When I've attempted to wear contacts in the past, the Rx for
    the contacts was always a good bit less minus than my
    glasses, and it was explained to me that that was because
    of the difference in where the lens sits relative to the
    eye. Well, I see the same thing when I slide my glasses
    down to the end of my nose - they become less powerful, less

    On the other hand, the adds are relative to the distance Rx,
    so maybe it all comes out even anyway. It's just that the
    calculated values look like they're too much add. That's
    why I was looking for a table showing what opticians and
    optometrists actually use in practice.
    Sherman, Dec 11, 2006
  4. Sure. you probably have *some* residual focusing left (more than zero),
    and don't forget there's a depth of focus depending on pupil size and
    lighting, which adds a little range on either side of whatever you chose.
    vertex distance indeed is a factor. how much, depends on the powers.
    and yes, if it's minus, they are effectively less minus, if they are
    plus, they are effectively more plus. this effect is based on a
    different formula.
    of course. the higher the minus, the greater this effect, and it goes
    to zero as the power of the lens approaches zero.
    actually, we use formulas some of the time, rarely use tables, and most
    often we just dial the lens powers in and check the ranges physically...

    w.stacy, o.d.
    William Stacy, O.D., Dec 11, 2006
  5. Sherman

    Salmon Egg Guest

    My little experience has been that I can do the job of specifying add for
    computer glasses, at least for me, better than optometrists I went to. At
    first, when personal computers were rather rare, they seemed to wing it more
    than calculated it.

    Because of other eye problems, I have been seeing ophthalmologists more
    often then optometrists. I have had better luck recently getting the adds I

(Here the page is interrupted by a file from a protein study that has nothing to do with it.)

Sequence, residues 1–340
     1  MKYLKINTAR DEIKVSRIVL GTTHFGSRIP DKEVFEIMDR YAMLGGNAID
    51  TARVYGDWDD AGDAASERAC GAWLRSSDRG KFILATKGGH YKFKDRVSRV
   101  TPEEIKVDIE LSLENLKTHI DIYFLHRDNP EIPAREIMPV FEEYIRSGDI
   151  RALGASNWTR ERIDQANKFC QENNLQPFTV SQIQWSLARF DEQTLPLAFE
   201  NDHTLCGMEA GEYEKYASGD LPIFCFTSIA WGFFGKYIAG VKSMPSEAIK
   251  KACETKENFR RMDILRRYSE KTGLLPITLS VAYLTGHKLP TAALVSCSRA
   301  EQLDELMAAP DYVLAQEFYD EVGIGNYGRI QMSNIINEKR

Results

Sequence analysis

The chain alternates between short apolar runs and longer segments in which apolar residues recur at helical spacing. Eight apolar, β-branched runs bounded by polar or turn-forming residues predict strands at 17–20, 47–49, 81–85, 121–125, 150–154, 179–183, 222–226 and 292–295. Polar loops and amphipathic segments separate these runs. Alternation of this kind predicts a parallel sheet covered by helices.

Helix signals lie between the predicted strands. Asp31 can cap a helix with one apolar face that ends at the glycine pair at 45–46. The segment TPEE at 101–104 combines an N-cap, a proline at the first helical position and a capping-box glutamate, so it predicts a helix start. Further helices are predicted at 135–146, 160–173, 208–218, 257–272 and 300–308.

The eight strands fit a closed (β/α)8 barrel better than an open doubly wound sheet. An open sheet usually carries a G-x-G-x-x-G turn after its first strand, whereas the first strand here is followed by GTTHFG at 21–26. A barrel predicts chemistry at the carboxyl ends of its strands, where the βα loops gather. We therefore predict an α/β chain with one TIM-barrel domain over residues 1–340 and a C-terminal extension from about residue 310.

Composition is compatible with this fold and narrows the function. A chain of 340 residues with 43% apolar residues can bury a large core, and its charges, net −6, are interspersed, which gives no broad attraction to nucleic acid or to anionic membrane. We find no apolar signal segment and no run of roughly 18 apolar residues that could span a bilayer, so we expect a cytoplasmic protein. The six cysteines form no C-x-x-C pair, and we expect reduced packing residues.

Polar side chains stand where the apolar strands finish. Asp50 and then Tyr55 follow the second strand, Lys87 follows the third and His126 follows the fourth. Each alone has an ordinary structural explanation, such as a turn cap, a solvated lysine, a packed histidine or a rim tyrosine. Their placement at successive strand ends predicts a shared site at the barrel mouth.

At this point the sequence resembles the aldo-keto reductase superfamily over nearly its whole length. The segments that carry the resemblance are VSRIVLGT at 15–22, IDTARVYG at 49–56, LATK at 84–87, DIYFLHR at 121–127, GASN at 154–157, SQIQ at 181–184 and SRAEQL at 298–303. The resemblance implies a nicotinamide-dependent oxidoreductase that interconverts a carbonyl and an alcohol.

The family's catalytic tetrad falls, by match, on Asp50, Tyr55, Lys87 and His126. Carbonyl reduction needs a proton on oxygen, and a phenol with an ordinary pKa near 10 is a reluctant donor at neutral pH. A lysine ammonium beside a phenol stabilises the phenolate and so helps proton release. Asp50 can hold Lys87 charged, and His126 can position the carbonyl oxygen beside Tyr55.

want. I don't know if it is because ophthalmologists are not that tied to
    the quality of the glasses they prescribe or whether computer glasses are no
    longer as novel as they used to be.

    -- Fermez le Bush
    Salmon Egg, Dec 11, 2006
  6. Sherman

    David Combs Guest

    (as I've said before), what I do, since I have virtually
    zero accomodation, is borrow for a few minutes their
    test-frames, and also a couple of .25 test-adds, and
    play with those while looking at some detailed object
    at the distance the test-frames are set for, and
    find the extra (over their prescription) .25 or .50
    on the left or right that will bring the left and
    right "depth of field" near-far-range to be EXACTLY
    the same.

    Only *I* myself (or you yourself) can do this adjusting --
    no machine and no "is it clearer this way, or that way"
    procedure can do it as well as I can (on myself), moving
    say a magazine nearer and farther and noting the distances
    at which it stops being *perfectly* clear, first with
    one eye, than with the other -- and getting those
    distances to be equal.

    Once I'm satisfied, they then adjust the prescription
    to match what I've just discovered.

    Anyway, that's what I do.

    Before I started doing this, either reading or working
    on the computer was uncomfortable for sure!

    David Combs, Dec 30, 2006
  7. Actually, we do that all the time for patients. That's why the rod that
    holds the nearpoint test card on a refractor or phoropter is graduated
    in inches, centimeters and diopters. We can watch the numbers as we
    move the card in and out, getting very accurate distances to first blur
    with any lens combo in place. Way easier than your method, and probably
    more accurate.

    w.stacy, o.d.
    William Stacy, Dec 30, 2006